Tuesday, June 14, 2011

Before-and-After photos in our aloe and succulent water
saving garden

Aloe litorallis is a tree aloe growing at least to 3 meter high. 
It is special in that it blooms very young and small for a tree aloe. 
The dry inflorescence stem from May is visible on the photo taken September. 
The aloe in centre front is an Aloe aculeata x Aloe zebrina hybrid. 

The first photo dates September 2007.  The last photo was taken May 2011. 

It is a pity that the aloe and messemb do not bloom together for the photos.
The messembs should be beautiful this year.  I will take a photo September.
The inflorescence of Aloe litorallis is high compared to the size of the plant.

The wine red Crassula sp. is darker in dry summer. 
This photo was taken 
shortly after the rain season started.  The Crassula
sp.  was cut back often over the years,  as was the Euphorbia left back.

Sunday, November 28, 2010

Few gardens have the space or conditions to grow these
extraordinary aloes, but it is worth the space and trouble.  These
plants never fail to attract attention to a garden.

1   Aloe dichotoma x Aloe ramosissima hybrid is
easier than either one of the species to grow.

2  Aloe pilansii  the top of the range of  "must
have" for the serious experienced aloe gardeners.  It is also the most
difficult of the tree aloes to grow - if you are able to get one!

3  Aloe ramosissima is the smallest of this group
but more difficult than Aloe dichotoma when grown out of habitat.

Above:- Aloes growing in the Vanruynsdorp nursery situated 
in habitat of these aloes.

Below:-  Aloe dichotoma, Aloe ramosissima and a hybrid in the garden.

4  Aloe barberae below is not from a harsh habitat
and an easy tree aloe to grow in a garden.

The range of this aloe is a broad coastal zone from East
London in South Africa northwards up to Mozambique.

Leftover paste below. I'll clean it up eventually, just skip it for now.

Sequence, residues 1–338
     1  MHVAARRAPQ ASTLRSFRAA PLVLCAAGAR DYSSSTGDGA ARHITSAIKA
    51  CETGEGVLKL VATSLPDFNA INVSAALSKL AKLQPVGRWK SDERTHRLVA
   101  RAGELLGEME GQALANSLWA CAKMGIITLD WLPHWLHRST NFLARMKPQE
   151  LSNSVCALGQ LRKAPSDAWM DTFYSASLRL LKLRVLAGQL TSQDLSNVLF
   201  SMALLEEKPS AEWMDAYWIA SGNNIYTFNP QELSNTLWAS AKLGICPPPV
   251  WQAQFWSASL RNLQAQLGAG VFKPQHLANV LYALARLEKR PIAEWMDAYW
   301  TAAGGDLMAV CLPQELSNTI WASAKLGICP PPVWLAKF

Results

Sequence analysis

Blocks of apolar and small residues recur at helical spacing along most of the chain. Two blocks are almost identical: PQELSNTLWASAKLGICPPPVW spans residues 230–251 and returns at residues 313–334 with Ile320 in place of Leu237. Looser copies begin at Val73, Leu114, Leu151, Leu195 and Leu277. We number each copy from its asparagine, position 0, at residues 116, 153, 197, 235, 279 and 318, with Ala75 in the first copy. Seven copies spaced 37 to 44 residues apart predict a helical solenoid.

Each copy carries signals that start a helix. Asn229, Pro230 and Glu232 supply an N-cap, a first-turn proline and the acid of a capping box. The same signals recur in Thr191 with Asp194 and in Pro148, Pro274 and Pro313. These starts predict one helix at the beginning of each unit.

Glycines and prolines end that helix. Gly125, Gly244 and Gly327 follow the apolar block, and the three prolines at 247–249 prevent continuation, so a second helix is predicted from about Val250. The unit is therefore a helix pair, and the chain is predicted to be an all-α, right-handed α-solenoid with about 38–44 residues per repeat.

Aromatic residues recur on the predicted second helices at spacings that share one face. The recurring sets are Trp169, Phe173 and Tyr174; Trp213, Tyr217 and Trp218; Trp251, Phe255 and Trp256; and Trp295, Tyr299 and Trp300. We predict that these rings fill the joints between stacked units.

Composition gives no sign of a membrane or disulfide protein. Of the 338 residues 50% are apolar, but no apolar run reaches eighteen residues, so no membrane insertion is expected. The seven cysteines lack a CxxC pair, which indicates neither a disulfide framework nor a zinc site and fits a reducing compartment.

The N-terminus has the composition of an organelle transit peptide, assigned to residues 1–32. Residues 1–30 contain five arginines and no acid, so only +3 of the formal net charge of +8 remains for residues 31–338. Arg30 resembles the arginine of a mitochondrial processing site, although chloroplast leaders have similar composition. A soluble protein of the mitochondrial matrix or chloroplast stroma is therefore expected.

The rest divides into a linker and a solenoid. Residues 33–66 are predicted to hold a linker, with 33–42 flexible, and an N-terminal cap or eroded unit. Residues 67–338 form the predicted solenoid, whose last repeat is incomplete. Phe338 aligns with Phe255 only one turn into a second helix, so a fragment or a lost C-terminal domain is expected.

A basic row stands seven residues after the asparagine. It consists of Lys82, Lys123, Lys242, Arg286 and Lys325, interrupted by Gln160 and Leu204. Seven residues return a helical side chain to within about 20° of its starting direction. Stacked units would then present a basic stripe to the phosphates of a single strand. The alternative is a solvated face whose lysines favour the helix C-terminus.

Above:-  This is a group of trees planted together. 
Here it is growing very well  in the winter rainfall  frost free
climate.  Aloe barberae does not like frost but even there you will
find them in gardens in Namaqualand or in the Karoo botanical garden where
there is frost.  The secret is that it is dry frost and the trees were
protected by other plants or against a house. Wet and cold kills most aloes. 

This tree grows high.  The wall is two meter high on the photo above.

Here is Aloe barberae as a single tree planted next to
Aloe marlothii to the left and Aloe ferox to the right. 

Both species are also described as tree aloes.
The photo was taken in the botanical garden near
Worcester.  The tree grows on a hill where the cold air will move
downhill quickly.  This climate is very dry compared to the habitat of
Aloe barberae which proves again that this is an easy aloe to grow.

Thursday, November 11, 2010

A new book, on Limestone Fynbos, published  by the Duiwenshok Conservancy.(not a profit organisation!)

Limestone Fynbos is an intriguing flora that occurs on our southern coast, wherever there are limestone hills or cliffs. Most of the plants occur in a broad sweep from Gansbaai to the Gouritz River, including pockets at Cape Point and Macassar. This flora can be divided into three natural units, Agulhas Limestone, De Hope Limestone and Canca Limestone. In December 2007 Veld and Flora published an article on the Agulhas Limestone. The Duiwenhoks Conservancy has added a new aspect to the literature available on this rather unknown flora by publishing a book that describes the Limestone Fynbos of the Vermaaklikheid area, near Heildelberg, which falls in the Canca Limestone unit.